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Chapter 3. Changing and Adjusting Colors > Understanding histograms

Understanding histograms

The histogram is a graphic representation of the tonal range of an image. The lengths of the bars represent the number of pixels at each brightness level: from the darkest, on the left, to the lightest, on the right. If the bars on both sides extend all the way to the left and right edges of the histogram box, then the darkest pixels in the image are black, the lightest pixels are white, and the image is said to have a full tonal range (Figure 3.24). If, as in many images, the bars stop short of the edges, then the darkest and lightest pixels are some shade of gray, and the image may lack contrast (Figure 3.25). In extreme circumstances, the bars may be weighted heavily to the left or right, with the tonal range favoring either the shadows or highlights. Whatever the tonal range, the brightness and contrast of an image can be adjusted using sliders located beneath the histogram in the Levels dialog box (see “Adjusting Levels Manually” later in this chapter).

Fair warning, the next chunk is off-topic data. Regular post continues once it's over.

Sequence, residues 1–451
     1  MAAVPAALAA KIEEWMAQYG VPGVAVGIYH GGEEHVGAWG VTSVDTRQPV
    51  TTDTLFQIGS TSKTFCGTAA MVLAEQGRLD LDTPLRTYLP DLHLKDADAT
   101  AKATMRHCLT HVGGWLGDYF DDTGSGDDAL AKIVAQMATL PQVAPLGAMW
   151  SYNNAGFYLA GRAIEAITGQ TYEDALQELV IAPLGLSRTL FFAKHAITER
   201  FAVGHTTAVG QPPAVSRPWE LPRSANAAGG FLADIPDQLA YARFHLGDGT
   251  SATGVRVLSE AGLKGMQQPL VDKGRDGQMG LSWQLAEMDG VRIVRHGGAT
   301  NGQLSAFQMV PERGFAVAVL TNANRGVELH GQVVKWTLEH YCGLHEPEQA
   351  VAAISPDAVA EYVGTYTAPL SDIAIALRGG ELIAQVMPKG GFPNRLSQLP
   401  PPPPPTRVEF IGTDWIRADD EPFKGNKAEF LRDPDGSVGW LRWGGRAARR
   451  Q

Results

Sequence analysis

Figure 3.24. A photo displaying full tonal range, and its accompanying histogram. Note how the histogram extends all the way to the left and right, indicating that pure blacks are present in the darkest shadow areas and pure whites are present in the lightest highlight areas. The fairly uniform peaks and valleys throughout the middle portion of the histogram also indicates that there is sufficient pixel data present in the midtones.



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